Whitepaper Section 07

MARKET APPRAISAL

MARKET APPRAISAL

Tourism Opportunities & Infrastructure

Economic & Social Factors

Mexico Tourism Industry

Hotel Supply & Occupancy Levels

Trends & Major Developments

SWOT Analysis

MEXICO TOURISM OPPORTUNITIES

 

Two straight years of record growth in Mexico’s tourism sector have solidified its importance as a motor for economic growth. According to the Ministry of Tourism (Secretaría de Turismo, SECTUR), tourism contributes over 8.7% to Mexico’s GDP and employs 3.6m people directly, 57% of them women. It is also the fourth most important source of foreign currency.

 

Given its dynamic performance, the sector was recognized as a pillar for development. Government authorities are working to establish a foundation for long-term growth, and the results of their work are beginning to show. In 2014, Mexico reclaimed its spot among the top 10 tourist destinations in the world, according to the UN World Tourism Organization, and advanced 14 positions in the World Economic Forum’s 2015 “Global Travel and Tourism Competitiveness” report, from 44th to 30th, out of 144 countries. Many tourism opportunities exist in Mexico including:

Adventure & Nature

Weddings & Romance

Culture & Heritage

Attractions & Entertainment

Luxury

Health & Wellness

MEXICAN TOURISM GROWTH

The hotel segment continues to improve coming out of the latest recession. As Mexico’s economy recovers, hotels have started to recover from an occupancy and ADR side. With no real new supply in the market, hotels are able to reach a certain occupancy where now they’re able to increase their room rates above the rate of inflation.

 

The small number of hurricanes in 2014, a decrease in news about crime in the country, the absence of SARS, and continued quality aviation infrastructure are factors in strengthening Mexico’s tourism scene, Through the third quarter of 2014, InterContinental Hotels Group’s properties in Mexico saw an increase of 1.6 points in occupancy and 2.8 percent in rooms occupied, leading to RevPAR growth of 7 percent, Mexico’s tourism growth is driven by the influx of tourists from North America. According to the US 2010 Census, 33.7 million people of Mexican origin resided in the US. Growth will continue to be driven by the promotion efforts of the Mexico Tourism Board in the US, and improvements in relations with Cuba.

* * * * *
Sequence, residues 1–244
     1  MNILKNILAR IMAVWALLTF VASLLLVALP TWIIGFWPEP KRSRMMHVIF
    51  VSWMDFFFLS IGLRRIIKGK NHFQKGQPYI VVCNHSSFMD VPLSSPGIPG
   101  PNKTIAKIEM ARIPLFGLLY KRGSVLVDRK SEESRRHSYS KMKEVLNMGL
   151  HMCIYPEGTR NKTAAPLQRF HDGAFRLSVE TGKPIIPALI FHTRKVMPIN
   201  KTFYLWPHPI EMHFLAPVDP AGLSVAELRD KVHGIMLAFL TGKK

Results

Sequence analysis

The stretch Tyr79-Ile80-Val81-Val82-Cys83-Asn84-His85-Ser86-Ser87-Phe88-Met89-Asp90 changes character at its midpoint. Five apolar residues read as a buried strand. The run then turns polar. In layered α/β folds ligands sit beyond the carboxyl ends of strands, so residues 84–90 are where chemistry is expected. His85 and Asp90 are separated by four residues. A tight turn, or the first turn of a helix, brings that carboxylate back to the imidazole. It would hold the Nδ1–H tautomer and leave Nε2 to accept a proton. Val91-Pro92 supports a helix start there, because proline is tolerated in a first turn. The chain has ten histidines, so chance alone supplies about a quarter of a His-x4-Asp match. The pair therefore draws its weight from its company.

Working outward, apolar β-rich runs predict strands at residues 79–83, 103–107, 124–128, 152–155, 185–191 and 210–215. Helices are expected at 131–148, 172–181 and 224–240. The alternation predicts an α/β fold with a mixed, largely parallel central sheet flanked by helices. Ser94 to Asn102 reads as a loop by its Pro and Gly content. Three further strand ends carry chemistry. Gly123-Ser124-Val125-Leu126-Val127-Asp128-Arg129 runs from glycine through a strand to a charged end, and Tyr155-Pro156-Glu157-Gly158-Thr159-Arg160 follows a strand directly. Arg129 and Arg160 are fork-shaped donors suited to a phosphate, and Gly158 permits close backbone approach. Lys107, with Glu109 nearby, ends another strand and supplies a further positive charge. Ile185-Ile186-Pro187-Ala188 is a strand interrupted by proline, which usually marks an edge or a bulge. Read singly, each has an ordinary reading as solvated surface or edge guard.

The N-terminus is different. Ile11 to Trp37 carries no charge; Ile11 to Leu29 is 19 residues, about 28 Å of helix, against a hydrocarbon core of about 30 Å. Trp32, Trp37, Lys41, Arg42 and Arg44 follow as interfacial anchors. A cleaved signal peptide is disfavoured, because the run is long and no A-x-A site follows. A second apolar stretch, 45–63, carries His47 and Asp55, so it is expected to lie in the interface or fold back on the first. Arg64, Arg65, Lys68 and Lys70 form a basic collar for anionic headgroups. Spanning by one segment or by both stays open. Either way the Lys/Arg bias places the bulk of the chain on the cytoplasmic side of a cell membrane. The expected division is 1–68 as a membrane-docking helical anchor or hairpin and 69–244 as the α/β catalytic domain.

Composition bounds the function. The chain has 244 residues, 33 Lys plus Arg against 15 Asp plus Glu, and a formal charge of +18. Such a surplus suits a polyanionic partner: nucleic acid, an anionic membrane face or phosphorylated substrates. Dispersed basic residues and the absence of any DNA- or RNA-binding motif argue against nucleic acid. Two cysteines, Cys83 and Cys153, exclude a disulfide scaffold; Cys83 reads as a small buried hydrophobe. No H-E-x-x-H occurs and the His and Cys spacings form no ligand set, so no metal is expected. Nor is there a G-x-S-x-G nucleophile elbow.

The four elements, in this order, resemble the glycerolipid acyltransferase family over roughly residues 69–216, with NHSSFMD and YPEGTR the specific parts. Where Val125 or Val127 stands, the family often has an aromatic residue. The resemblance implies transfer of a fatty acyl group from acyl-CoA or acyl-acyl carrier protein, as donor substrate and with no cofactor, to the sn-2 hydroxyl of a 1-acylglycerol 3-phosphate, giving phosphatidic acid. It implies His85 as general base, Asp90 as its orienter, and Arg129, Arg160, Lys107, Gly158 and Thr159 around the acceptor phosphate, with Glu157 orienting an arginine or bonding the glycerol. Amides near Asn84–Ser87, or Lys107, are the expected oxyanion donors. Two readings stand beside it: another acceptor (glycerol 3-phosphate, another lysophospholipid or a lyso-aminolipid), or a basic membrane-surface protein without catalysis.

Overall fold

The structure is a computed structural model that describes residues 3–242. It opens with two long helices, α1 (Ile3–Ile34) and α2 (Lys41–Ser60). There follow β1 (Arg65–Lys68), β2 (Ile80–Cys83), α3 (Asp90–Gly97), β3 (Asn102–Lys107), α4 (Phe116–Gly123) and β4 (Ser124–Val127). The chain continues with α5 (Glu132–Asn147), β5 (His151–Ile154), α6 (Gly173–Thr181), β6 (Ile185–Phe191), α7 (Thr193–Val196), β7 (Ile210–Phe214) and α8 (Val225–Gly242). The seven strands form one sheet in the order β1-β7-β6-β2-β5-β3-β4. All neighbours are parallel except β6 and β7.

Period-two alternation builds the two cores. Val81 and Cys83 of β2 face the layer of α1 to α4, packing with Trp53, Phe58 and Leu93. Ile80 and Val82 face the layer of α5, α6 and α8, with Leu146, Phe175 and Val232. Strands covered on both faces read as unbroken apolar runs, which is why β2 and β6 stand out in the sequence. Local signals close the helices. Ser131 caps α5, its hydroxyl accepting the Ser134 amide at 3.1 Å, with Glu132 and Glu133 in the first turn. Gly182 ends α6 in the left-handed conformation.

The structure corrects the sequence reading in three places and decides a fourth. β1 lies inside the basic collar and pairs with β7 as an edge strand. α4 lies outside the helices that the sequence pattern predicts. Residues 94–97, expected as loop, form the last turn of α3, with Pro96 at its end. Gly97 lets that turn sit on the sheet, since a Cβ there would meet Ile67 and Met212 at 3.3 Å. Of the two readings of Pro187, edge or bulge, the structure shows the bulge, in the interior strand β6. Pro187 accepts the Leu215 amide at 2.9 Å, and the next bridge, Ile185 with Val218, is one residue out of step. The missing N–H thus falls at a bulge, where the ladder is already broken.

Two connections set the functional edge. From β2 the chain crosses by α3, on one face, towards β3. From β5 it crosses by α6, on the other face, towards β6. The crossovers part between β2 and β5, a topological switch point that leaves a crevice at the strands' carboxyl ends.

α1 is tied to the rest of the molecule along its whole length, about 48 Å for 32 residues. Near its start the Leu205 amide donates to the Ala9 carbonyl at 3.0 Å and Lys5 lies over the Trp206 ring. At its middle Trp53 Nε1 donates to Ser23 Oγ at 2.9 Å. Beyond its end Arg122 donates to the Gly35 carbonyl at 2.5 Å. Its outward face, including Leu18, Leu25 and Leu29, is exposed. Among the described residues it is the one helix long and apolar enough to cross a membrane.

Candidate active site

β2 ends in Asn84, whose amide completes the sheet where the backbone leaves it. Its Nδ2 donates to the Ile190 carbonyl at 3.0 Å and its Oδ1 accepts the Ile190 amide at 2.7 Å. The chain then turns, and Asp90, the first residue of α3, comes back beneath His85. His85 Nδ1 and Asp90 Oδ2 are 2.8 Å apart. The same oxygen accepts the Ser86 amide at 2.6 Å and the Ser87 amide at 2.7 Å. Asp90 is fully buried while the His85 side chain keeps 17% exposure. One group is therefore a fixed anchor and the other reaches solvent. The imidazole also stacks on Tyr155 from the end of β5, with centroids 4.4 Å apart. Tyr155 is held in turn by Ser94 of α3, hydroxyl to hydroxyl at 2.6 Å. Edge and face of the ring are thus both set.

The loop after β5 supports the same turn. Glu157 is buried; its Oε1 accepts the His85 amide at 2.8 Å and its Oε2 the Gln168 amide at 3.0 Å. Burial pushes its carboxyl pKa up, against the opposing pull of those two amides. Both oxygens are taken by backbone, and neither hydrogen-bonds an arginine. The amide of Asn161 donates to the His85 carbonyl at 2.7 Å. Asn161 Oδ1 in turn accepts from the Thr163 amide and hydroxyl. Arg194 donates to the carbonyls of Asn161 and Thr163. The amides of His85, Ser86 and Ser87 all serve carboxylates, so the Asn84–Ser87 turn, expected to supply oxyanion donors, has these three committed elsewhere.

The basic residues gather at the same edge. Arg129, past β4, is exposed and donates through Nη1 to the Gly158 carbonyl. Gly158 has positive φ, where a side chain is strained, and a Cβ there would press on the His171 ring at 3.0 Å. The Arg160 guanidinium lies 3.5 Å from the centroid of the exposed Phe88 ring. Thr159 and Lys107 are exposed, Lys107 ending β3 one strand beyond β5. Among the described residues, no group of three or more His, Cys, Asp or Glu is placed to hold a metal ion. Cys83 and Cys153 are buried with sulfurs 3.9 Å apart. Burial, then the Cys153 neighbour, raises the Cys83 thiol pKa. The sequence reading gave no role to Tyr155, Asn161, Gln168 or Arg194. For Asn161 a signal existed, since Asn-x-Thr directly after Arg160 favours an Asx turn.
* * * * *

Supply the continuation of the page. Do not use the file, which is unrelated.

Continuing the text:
Aviation capacity has been increasing. In 2011-2012, LCCs Interjet and Volaris ordered 40 Airbus jets each, and in August 2013, AeroMexico Airlines added one Boeing 787-8 jet to its fleet. Further growth in capacity is expected over the forecast period as AeroMexico plans to add another 19 Boeing 787-8 jets by the end of 2019.

 

According to Mexico’s national tourism board, by 2024 the country will have to build an average of 180,000 new rooms to meet its demand, a 70% increase from today’s market. There is a lack of institutional-quality hotel inventory available for big portfolios, and the opportunity will be for those who are willing to develop new hotels. At the moment there are approximately 7,000 guestrooms under construction in Mexico, which account for 2 percent of existing supply.

Main Airport Arrivals to Mexico
In January 2018 the airports with the highest number of foreign passengers were: Cancun (710,450); Mexico City (348,814); Los Cabos (142,835): Puerto Vallarta (190,327); Guadalajara (80,960), Monterrey (18,896) and Cozumel (19,231); which represents 92.1% of all foreign passengers.

TRANSPORT INFRASTRUCTURE

The development of the travel and tourism infrastructure in Mexico reflects the success of the country’s National Tourism Strategy. Mexico has increased its touristic attractiveness in recent years because capital has been made available to successfully recuperate public spaces, pedestrian streets, parks, plazas and boardwalks, among others, which now serve a vibrant and attractive social life for tourists to enjoy.

 

Tourism in the state of Jalisco in particular is on the cusp of a major boom in the Costalegre region. A project long in the making is the extension and modernization of federal highway 200, running from Puerto Vallarta to Barra de Navidad, which authorities say is soon to be finished after two years of work.

 

Another major infrastructure project in the area is the Chalacatepec airport, which could be ready for its first airplane in as soon as 2020.

 

The runway has been ready for the last four years but the state government still must conclude expropriation agreements with community landowners for the terrain that surrounds what will be the airport proper.

 

The payout will cost 15 million pesos (US $858,000), while the construction of a road to give area residents access to the main highway without crossing the runway represents an additional 17 million pesos. Once ready, the 90-million-peso airport will be able to accommodate 170-passenger aircraft, and both commercial and private flights.

ECONOMIC & SOCIAL FACTORS

Labor market conditions continue to improve and in the first quarter of 2018. employment and unemployment rates are also projected to keep improving in 2018 and 2019. – Employment as a share of the population aged 15-74 years has not yet recovered from the impact of the global economic crisis. It stood at 59.8% in the fourth quarter of 2017, still 1.4 percentage points lower than its pre-crisis level. The employment rate is predicted to further decline through 2018 and 2019. This reflects declining labour force participation notably among youth and older workers.

The unemployment rate in Mexico has further declined to 3.4% in the last quarter of 2017, below its pre-crisis level and close to 2%below the average. However, this low unemployment rate partly reflects the lack of unemployment insurance system and the high incidence of informal employment.

CONSUMER CONFIDENCE